The burden of proving subject-matter jurisdiction is on the Plaintiff. Adams v. Bain , 697 F.2d 1213, 1219 (4th Cir. 1982) (noting challenge may be either facial, i.e., complaint fails to allege facts upon which subject-matter jurisdiction can be based, or factual, i.e., jurisdictional allegations of complaint are not true). See also Kerns v. United States , 585 F.3d 187, 192 (4th Cir. 2009) (same); Richmond, Fredericksburg & Potomac Ry. Co. v. U.S. , 945 F.2d 765, 768 (4th Cir. 1991) (same). In the case of a factual challenge, it is permissible for a district court to "consider evidence outside the pleadings without converting the proceeding to one for summary judgment." Richmond , 945 F.2d at 768 (citing Adams , 697 F.2d at 1219). The court should grant the 12(b)(1) motion "only if the material jurisdictional facts are not in dispute and the moving party is entitled to prevail as a matter of law." Richmond , 945 F.2d at 768.
B. Standard for Dismissal under Rule 12(b)(6)
A complaint must contain "sufficient factual matter, accepted as true, to state a claim to relief that is plausible on its face.'" Ashcroft v. Iqbal , 556 U.S. 662, 678 (2009) (quoting Bell Atlantic Corp. v. Twombly , 550 U.S. 544, 570 (2007)). Facial plausibility exists "when the plaintiff pleads factual content that allows the court to draw the reasonable inference that the defendant is liable for the misconduct alleged." Iqbal , 556 U.S. at 678. An inference of a mere possibility of misconduct is not sufficient to support a plausible claim. Id. at 679. As the Twombly opinion stated, "Factual allegations must be enough to raise a right to relief above the speculative level." 550 U.S. at 555. "A pleading that offers labels and conclusions' or a formulaic recitation of the elements of a cause of action will not do.'... Nor does a complaint suffice if it tenders naked assertion[s]' devoid of further factual enhancement.'" Iqbal , 556 U.S. at 678 (quoting Twombly , 550 U.S. at 555, 557). Although when considering a motion to dismiss a court must accept as true all factual allegations in the complaint, this principle does not apply to legal conclusions couched as factual allegations. Twombly , 550 U.S. at 555.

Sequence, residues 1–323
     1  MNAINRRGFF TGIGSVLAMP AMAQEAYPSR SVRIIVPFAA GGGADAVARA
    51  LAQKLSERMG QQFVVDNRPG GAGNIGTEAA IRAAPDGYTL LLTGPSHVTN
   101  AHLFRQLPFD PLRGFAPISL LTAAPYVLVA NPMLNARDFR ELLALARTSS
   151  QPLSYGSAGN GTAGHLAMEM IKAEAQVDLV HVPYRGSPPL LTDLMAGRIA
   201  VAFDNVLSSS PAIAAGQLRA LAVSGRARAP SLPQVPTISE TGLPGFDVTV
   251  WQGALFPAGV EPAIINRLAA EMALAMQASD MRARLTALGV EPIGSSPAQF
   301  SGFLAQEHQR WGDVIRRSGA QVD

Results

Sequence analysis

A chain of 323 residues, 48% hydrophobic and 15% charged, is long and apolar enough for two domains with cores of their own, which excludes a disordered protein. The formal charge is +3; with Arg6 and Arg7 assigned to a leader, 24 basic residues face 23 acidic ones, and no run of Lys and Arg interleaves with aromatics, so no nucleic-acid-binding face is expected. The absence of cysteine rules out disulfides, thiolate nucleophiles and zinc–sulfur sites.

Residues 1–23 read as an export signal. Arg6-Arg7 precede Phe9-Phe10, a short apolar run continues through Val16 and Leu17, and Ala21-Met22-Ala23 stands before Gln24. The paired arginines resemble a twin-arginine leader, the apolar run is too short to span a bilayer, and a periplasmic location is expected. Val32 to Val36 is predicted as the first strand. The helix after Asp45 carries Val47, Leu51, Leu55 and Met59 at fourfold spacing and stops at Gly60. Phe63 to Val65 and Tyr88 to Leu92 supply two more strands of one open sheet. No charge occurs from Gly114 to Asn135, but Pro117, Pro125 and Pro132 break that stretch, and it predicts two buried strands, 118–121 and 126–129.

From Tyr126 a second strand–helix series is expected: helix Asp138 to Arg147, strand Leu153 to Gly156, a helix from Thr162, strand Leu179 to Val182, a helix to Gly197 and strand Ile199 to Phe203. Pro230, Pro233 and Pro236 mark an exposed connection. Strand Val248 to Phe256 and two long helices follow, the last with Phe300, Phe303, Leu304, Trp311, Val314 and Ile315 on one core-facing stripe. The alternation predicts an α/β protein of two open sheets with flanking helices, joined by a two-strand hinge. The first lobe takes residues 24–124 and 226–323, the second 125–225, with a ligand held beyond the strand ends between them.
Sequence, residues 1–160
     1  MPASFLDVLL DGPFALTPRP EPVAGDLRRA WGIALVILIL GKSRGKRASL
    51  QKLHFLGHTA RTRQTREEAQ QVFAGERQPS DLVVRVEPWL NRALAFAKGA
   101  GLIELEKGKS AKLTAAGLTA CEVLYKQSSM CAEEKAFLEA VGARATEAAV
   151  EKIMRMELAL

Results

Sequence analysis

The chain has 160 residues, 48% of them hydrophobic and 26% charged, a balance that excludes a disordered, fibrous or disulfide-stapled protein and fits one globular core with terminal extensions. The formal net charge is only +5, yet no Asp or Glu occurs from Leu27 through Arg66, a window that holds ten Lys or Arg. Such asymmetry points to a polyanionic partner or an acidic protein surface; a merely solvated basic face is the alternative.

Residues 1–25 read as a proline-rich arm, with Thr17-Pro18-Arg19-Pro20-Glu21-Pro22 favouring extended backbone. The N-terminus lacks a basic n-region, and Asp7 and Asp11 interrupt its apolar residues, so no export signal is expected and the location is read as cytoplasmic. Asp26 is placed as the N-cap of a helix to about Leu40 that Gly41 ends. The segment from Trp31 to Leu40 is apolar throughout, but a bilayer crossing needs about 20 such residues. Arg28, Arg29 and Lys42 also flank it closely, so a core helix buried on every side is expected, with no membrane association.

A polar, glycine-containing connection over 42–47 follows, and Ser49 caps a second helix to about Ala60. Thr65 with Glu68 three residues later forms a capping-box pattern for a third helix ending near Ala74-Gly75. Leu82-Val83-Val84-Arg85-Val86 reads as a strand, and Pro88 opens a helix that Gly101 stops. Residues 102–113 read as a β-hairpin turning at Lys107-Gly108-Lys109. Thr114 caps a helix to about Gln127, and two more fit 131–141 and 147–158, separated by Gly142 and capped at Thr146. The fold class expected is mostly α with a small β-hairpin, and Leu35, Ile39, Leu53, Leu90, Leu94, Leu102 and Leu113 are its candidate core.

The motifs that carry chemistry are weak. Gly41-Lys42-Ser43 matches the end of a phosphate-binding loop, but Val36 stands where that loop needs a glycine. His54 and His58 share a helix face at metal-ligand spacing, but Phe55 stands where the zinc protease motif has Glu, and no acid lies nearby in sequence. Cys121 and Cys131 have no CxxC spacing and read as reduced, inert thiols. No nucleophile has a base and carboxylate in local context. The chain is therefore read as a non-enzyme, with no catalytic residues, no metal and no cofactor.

C. Standard for Summary Judgment
"The court shall grant summary judgment if the movant shows that there is no genuine dispute as to any material fact and the movant is entitled to judgment as a matter of law." Fed.R.Civ.P. 56(a); Celotex Corp. v. Catrett , 477 U.S. 317, 322 (1986) (citing predecessor to current Rule 56(a)). The burden is on the moving party to demonstrate the absence of any genuine dispute of material fact. Adickes v. S.H. Kress & Co. , 398 U.S. 144, 157 (1970). If sufficient evidence exists for a reasonable jury to render a verdict in favor of the party opposing the motion, then a genuine dispute of material fact is presented and summary judgment should be denied. See Anderson v. Liberty Lobby, Inc. , 477 U.S. 242, 248 (1986). However, the "mere existence of a scintilla of evidence in support of the [opposing party's] position" is insufficient to defeat a motion for summary judgment. Id. at 252. The facts themselves, and the inferences to be drawn from the underlying facts, must be viewed in the light most favorable to the opposing party, Scott v. Harris , 550 U.S. 372, 378 (2007); Iko v. Shreve , 535 F.3d 225, 230 (4th Cir. 2008), who may not rest upon the mere allegations or denials of his pleading but instead must, by affidavit or other evidentiary showing, set ...